“Greebles” are those thousands and thousands of little tiny details you’ve seen on the surface of spaceships in science fiction movies. Think of the star destroyers from Star Wars — all those tiny grey dohickeys all over the ship are called “greebles.”
I’m interested in generating greeble-like textures not because I want to model spaceships (though I suppose that could be fun) but because the idea of variegated and detailed 3-D surfaces appeals to me as the procedural equivalent of a bas-relief. My first attempt at executing this used Cinder and OpenGL, but I found that the images I was able to render didn’t include a very essential property of greebling or bas-relief: self-shadowing. Without pieces of the structure casting shadows on other pieces of the structure, the surface looks dull and lifeless. It’s possible to create shadow maps in OpenGL, but the way a basic shadow map works is that you have a distinct shadow-casting object and a surface being shadowed. With the kind of complex surfaces I was planning to model, almost every object would be both shadowed and shadowing another object. So, rather than diving even deeper into advanced types of shadow maps and/or shadow volumes, I just ditched OpenGL and turned to POV-Ray.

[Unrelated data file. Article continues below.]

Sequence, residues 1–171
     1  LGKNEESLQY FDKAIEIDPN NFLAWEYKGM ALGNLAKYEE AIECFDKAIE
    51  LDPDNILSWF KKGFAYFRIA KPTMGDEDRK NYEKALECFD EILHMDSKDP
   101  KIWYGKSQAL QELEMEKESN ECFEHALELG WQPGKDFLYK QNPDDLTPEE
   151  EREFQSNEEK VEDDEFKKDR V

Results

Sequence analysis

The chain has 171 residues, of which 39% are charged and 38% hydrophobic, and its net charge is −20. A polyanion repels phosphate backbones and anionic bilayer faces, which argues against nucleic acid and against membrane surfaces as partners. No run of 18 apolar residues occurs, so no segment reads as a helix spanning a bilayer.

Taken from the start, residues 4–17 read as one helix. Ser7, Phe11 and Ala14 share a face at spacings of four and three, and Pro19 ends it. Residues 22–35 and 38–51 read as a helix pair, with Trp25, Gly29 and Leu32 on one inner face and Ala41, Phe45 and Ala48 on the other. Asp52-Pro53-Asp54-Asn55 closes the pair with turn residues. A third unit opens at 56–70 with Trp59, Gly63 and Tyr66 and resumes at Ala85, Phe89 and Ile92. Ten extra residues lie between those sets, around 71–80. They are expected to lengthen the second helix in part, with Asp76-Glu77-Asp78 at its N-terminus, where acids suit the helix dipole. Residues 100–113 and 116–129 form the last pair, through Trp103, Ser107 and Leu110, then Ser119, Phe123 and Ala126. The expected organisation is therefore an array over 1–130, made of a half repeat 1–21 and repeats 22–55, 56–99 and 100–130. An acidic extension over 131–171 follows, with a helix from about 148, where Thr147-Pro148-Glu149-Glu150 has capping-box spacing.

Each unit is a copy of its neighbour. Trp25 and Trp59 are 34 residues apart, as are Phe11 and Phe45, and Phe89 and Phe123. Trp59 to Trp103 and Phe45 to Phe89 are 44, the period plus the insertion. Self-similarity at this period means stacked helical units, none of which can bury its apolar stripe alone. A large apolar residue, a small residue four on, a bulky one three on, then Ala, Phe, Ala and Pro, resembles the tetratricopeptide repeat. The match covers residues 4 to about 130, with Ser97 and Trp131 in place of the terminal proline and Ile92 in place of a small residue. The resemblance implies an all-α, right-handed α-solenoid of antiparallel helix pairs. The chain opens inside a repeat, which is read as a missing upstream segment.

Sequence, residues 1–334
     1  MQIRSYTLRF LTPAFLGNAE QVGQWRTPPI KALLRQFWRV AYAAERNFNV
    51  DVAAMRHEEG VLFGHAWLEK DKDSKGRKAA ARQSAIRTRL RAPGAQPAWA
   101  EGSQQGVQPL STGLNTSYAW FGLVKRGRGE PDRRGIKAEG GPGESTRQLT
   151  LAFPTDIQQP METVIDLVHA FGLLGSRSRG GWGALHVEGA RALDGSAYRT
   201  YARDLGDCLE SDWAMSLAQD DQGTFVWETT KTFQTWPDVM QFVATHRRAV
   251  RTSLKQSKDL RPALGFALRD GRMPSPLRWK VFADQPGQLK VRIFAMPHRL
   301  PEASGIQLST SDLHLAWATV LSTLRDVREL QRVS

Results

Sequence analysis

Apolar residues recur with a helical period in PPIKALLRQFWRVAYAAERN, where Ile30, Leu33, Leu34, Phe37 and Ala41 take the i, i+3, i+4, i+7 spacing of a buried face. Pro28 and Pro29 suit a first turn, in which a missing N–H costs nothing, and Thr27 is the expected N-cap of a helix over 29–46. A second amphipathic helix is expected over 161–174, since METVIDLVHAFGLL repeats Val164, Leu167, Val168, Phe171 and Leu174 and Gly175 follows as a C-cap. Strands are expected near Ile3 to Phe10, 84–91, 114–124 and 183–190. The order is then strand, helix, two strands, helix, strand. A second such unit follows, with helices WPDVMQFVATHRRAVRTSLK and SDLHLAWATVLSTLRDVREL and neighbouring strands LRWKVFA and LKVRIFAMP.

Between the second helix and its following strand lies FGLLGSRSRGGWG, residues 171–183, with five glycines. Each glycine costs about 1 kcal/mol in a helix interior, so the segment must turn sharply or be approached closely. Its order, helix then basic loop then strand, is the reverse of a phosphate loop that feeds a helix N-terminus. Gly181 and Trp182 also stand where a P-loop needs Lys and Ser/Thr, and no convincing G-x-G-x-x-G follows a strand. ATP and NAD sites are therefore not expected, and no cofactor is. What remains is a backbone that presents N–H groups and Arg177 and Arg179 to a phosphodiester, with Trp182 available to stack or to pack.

POV-Ray turned out to be perfect for this. The syntax is simple and the usage is easy: in your text file, you just describe the objects in your scene, cameras, lights, etc., and compile it. Here is the result of my first attempt at an autogreebling algorithm:
The algorithm is recursive: basically there’s a function that takes as input a rectangular area on the x-y plane specified in terms of left, right, top, and bottom edges. This function extrudes a box of that area in the z direction and then subdivides randomly into 4 smaller areas, and then recursively calls itself. When the area of a box gets small enough, the base case is reached and the recursion stops.
I’m hoping to do more with this technique.